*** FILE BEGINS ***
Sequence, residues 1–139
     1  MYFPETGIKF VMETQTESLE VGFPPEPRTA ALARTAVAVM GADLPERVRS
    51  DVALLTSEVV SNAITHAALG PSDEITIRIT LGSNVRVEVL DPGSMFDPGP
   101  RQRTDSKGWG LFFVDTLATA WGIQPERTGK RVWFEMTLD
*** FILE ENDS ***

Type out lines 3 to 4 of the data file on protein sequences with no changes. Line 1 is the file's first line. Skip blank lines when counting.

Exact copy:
    51  DVALLTSEVV SNAITHAALG PSDEITIRIT LGSNVRVEVL DPGSMFDPGP
   101  RQRTDSKGWG LFFVDTLATA WGIQPERTGK RVWFEMTLD